Anaplasmosis is a bacterial disease of dogs that’s spread by ticks. It’s especially important to veterinary medicine because of its rapid spread around the world and its ability to affect humans as well (though not directly from dogs).
Two species of bacteria are known to cause anaplasmosis in dogs and humans:
Anaplasma phagocytophilum is the most common bacteria associated with anaplasmosis. It leads to lameness and, as such, it’s commonly confused with Lyme disease.
- Infection with the other bacteria, Anaplasma platys, results in a disease state in which the levels of platelets in the bloodstream are reduced. This reduction has serious implications for blood clotting in infected patients.
The disease has a worldwide distribution:
In the US, it’s endemic in the upper Midwest, East, and Northeast as well as the western coastal regions.
- In Europe, the UK, Norway, Sweden, Switzerland, and Germany have reported infections in cows, dogs, and humans.
- Though it’s known to reside there as well, anaplasmosis is less common in South America and Asia.
In the US, the disease is considered a seasonal threat during tick-heavy times of the year. Spring/early summer and the fall are the most likely times for both dogs and humans to become infected. Several species of ticks are known to carry these bacteria. As with Lyme disease, white tailed deer and small rodents are considered the ticks’ preferred reservoirs.
Anaplasmosis has been identified most often in dogs eight years or older.
Symptoms and Identification
Anaplasmosis usually manifests when dogs are first infected. This is called the acute phase of the disease. They can also experience a less obvious, longer-term version of the disease. Dogs can sometimes suffer from this chronic kind of anaplasmosis for several months at a time.
Infected dogs typically display limping or joint pain. Less commonly, they can also suffer GI symptoms like vomiting and diarrhea, respiratory symptoms such as coughing and sneezing, or even signs of meningitis should the bacteria infect the nervous system as well.
Because these signs are fairly non-specific and may be caused by any number of diseases, laboratory testing through is the most typical approach to diagnosis. But this can be problematic, especially since dogs in the acute phase don’t always have abnormal test results and those experiencing the chronic version of the disease typically look normal on all routine blood testing.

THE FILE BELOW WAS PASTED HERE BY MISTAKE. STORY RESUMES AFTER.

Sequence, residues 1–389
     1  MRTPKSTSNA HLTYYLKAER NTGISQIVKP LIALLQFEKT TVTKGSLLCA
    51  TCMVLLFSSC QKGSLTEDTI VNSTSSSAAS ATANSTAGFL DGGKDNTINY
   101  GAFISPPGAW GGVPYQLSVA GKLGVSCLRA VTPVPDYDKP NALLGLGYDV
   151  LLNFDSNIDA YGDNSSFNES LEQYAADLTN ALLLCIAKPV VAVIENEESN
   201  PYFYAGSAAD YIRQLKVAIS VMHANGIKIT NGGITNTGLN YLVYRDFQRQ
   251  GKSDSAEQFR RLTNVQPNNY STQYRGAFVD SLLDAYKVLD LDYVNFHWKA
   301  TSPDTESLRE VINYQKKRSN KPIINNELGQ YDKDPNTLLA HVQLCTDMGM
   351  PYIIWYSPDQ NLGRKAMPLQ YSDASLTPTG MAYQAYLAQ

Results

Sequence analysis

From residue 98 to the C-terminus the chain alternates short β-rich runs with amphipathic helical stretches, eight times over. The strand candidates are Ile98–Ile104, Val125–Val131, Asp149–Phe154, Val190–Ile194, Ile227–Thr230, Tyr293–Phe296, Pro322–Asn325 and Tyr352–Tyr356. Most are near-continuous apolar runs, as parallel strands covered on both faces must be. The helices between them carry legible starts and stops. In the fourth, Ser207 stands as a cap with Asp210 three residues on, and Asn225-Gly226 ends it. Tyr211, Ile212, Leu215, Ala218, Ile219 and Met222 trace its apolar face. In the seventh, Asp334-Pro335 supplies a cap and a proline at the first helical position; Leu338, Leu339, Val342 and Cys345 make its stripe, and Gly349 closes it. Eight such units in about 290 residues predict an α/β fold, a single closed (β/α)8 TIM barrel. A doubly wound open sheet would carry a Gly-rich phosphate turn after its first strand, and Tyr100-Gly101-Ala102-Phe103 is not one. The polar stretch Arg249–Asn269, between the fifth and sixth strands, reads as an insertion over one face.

Eighty percent of acutely infected dogs do, however, tend to have a deficiency of platelets. They can also have abnormal white blood cells in which the bacteria’s presence can be detected. In dogs with painful joints, evaluation of the joint fluid for these organisms may be of some benefit as well.
But the best method of detection of anaplasmosis in those for whom we suspect the disease is a very specific kind of blood testing: either indirect fluorescent antibody (IFA) testing (in an outside lab) or ELISA testing (usually performed in the hospital) can detect the disease in most patients within days of infection.
There is no confirmed breed predisposition in dogs but Golden Retrievers and Labrador Retrievers are overrepresented in most reports. It’s not clear whether this is because of true breed susceptibility or because of the higher frequency of exposure among these outdoorsy, popular breeds.
Treatment typically includes the use of the antibiotic doxycycline. Dogs suffering from acute infection with anaplasma tend to feel better within a day or two but, depending on their symptoms and changes in platelet numbers, they may still require hospitalization for expended periods of time.
The cost of diagnosis can be expensive in these cases, more so if owners don’t report tick exposure and non-specific symptoms confuse the process. In these cases, a great many tests might be run before specific anaplasmosis testing is undertaken. Lab expenses ranging between $150 and $500 are typical.
Treatment, if undertaken early, can be very inexpensive, as doxyxycline is considered an inexpensive antibiotic. However, dogs who require hospitalization for expended periods of time due to the less common severe effects of anaplasma (meningitis, for example) can experience invoices into the thousands of dollars.
Aggressive tick control programs are the ideal approach to prevention. Use of veterinarian-recommended tick prevention products is considered extremely helpful. But removing all ticks within 24-hours of attachment is considered one hundred percent effective.
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